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Atherosclerosis images help reduce cardiovascular risk

Tuesday December 4th, 2018

Showing people images of their atherosclerosis is an effective way to prompt behaviour change to reduce their risk of cardiovascular disease, Swedish researchers report today.

While smoking cessation, increasing physical activity, being prescribed statins and antihypertensive medication are the most appropriate interventions, low adherence to medication and lifestyle changes mean that these types of prevention efforts often fail.

However, a randomised trial of more than 3,000 people in Sweden found that seeing images of the potential damage made a difference.

Professor Ulf Näslund, of Umea University, said: “Information alone rarely leads to behaviour change and the recall of advice regarding exercise and diet is poorer than advice about medicines. Risk scores are widely used, but they might be too abstract, and therefore fail to stimulate appropriate behaviours.

“This trial shows the power of using personalised images of atherosclerosis as a tool to potentially prompt behaviour change and reduce the risk of cardiovascular disease.”

The Lancet reports that 3,532 people aged 40-60 took part in the Västerbotten County (Sweden) cardiovascular prevention programme and underwent vascular ultrasound investigation of the carotid arteries.

Of these, 1,749 were randomly selected to receive the pictorial representation of carotid ultrasound, with the remaining 1,783 receiving just information.

Both groups received information about their cardiovascular risk factors and a motivational health dialogue to promote healthier life style and any required pharmacological treatment.

Those in the intervention group received a pictorial representation of plaque formation in their arteries, and a gauge ranging from green to red to illustrate their biological age compared with their chronological age. They then received a follow up call from a nurse after two to four weeks to answer any questions. The same pictorial presentation of the ultrasound result was also sent to their primary care doctor.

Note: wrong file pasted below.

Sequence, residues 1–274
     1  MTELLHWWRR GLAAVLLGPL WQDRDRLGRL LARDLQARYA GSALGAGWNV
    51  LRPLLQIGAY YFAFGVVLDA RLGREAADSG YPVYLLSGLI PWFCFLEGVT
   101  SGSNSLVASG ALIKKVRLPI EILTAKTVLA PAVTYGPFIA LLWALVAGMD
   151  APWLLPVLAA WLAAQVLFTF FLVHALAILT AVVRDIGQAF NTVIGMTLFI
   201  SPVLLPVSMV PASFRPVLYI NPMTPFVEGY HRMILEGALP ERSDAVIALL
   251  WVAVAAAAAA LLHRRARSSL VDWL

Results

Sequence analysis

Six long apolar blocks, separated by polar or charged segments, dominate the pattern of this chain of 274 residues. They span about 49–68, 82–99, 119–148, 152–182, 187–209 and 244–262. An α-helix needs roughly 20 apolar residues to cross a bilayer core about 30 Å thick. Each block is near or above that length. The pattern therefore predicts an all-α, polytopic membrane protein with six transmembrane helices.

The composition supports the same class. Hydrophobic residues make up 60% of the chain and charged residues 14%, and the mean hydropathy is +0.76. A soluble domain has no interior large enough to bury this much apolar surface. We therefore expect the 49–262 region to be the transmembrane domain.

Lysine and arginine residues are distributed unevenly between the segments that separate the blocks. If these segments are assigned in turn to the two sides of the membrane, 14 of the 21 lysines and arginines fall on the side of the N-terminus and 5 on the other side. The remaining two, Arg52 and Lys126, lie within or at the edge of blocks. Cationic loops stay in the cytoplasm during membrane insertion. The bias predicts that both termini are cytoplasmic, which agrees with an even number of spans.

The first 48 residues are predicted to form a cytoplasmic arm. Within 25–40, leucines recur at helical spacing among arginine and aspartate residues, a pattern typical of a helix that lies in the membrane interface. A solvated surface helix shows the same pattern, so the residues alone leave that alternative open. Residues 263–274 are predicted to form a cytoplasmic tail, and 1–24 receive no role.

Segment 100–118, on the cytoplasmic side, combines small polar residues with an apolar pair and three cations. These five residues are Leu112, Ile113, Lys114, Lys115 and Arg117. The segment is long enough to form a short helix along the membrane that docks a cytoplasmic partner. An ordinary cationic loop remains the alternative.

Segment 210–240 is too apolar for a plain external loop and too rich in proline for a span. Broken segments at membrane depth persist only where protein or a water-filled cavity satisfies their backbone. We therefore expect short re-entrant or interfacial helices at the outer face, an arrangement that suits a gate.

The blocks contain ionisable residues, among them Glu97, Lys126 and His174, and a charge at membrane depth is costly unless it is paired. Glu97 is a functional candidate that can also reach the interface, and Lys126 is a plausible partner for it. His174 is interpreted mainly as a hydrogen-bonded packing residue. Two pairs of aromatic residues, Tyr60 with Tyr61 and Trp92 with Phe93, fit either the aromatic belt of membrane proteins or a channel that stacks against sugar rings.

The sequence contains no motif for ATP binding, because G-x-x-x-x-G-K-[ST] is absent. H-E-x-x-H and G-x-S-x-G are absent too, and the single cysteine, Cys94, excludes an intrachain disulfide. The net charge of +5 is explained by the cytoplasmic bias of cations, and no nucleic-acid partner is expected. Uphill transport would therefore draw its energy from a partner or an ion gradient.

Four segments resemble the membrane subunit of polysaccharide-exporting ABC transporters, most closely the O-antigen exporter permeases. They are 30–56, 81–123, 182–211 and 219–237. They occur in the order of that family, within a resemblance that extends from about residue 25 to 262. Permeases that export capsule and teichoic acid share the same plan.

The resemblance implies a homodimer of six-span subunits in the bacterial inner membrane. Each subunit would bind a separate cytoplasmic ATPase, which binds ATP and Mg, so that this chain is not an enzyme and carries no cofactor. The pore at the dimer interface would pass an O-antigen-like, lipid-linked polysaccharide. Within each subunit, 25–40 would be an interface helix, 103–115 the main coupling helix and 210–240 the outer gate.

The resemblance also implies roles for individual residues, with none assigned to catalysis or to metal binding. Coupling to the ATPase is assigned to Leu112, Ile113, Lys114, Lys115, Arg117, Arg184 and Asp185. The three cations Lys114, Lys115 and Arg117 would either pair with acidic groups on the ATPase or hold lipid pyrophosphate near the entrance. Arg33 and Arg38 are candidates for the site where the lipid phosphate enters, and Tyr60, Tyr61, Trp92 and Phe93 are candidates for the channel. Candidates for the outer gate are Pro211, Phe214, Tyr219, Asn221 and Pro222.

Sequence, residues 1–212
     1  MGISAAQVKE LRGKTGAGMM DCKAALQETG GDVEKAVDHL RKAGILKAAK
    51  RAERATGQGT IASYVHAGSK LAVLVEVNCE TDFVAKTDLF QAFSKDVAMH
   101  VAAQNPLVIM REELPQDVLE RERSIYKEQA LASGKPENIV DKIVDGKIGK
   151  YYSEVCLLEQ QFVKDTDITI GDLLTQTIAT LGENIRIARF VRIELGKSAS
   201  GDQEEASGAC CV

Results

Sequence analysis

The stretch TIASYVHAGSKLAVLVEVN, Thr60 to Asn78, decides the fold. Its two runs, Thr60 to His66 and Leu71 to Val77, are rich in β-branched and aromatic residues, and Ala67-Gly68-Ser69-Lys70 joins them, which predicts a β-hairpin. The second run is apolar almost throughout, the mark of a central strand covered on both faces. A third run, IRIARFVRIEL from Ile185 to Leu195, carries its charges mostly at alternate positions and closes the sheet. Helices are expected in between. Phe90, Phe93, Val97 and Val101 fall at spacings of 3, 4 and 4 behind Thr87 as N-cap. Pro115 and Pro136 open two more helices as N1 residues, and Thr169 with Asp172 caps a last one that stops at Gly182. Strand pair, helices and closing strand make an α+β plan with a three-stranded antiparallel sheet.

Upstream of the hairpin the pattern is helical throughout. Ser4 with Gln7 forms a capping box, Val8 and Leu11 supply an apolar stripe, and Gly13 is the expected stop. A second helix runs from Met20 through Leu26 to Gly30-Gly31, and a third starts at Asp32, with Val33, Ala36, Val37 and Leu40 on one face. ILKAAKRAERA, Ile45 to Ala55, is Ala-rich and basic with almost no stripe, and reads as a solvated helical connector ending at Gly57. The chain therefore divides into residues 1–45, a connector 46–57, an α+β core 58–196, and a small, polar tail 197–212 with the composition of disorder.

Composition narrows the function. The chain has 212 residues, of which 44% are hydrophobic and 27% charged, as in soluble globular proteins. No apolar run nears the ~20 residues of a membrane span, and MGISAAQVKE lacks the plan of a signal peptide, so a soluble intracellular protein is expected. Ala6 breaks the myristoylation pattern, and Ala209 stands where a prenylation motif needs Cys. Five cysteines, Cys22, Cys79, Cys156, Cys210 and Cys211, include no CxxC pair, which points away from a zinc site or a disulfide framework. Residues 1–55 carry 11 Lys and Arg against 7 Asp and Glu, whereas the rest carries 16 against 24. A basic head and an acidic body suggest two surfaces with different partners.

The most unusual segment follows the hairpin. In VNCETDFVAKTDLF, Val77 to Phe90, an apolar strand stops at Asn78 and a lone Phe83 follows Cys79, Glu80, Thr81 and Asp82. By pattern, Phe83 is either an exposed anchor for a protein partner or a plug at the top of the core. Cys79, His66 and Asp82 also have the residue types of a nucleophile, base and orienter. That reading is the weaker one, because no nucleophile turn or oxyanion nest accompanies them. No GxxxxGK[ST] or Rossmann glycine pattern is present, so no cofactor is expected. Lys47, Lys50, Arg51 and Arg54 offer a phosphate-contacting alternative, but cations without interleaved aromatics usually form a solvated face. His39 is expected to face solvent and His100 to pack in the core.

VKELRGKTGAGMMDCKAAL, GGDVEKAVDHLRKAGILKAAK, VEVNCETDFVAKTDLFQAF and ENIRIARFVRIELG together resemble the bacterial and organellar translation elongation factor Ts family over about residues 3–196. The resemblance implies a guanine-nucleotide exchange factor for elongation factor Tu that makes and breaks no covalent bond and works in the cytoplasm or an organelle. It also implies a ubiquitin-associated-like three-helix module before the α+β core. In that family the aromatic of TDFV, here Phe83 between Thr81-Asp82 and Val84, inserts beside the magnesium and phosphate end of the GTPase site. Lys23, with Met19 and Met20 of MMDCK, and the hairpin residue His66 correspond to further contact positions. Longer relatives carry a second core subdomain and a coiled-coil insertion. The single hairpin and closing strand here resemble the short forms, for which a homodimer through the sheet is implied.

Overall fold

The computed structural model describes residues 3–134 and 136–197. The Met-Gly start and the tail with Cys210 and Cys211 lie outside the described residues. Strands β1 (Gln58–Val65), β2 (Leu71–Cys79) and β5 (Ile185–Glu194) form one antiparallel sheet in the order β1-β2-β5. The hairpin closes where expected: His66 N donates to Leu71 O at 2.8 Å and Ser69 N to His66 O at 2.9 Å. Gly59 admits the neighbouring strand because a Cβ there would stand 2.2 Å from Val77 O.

At one year follow up, the cardiovascular risk score for the 3,175 participants who completed the follow up was calculated showing differences between the two groups decreased in the intervention group but increased in the control group.

Improvements were also seen for total and LDL cholesterol in both groups, but the reduction was greater in the intervention group than in the control group.

Professor Näslund said: “The differences at a population level were modest, but important, and the effect was largest among those at highest risk of cardiovascular disease, which is encouraging. Imaging technologies such as CT and MRI might allow for a more precise assessment of risk, but these technologies have a higher cost and are not available on an equitable basis for the entire population.

“Our approach integrated an ultrasound scan and a follow up call with a nurse, into an already established screening programme, meaning our findings are highly relevant to clinical practice.”

The researchers say that further research is needed to understand if the results are sustainable beyond one year.

Näslund U, Ng N, Lundgren A et al. Visualization of asymptomatic atherosclerotic disease for optimum cardiovascular prevention (VIPVIZA): a pragmatic, open-label, randomised controlled trial. Lancet 3 December 2018; doi:10.1016/ S0140-6736(18)32818-6

Tags: Europe | Heart Health

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